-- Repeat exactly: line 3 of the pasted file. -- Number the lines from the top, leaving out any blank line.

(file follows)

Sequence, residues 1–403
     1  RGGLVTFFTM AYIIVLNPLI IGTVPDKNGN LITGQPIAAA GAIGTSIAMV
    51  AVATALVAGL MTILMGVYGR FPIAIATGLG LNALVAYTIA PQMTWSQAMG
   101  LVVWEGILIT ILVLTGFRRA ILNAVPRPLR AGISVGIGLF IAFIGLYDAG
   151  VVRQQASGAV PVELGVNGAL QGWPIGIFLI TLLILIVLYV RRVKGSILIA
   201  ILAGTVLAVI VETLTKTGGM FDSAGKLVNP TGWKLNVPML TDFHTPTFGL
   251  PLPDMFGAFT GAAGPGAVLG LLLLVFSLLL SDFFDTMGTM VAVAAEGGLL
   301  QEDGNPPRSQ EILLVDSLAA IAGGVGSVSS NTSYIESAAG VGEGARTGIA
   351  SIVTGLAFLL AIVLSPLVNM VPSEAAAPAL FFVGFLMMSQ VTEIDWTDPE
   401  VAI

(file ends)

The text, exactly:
    51  AVATALVAGL MTILMGVYGR FPIAIATGLG LNALVAYTIA PQMTWSQAMG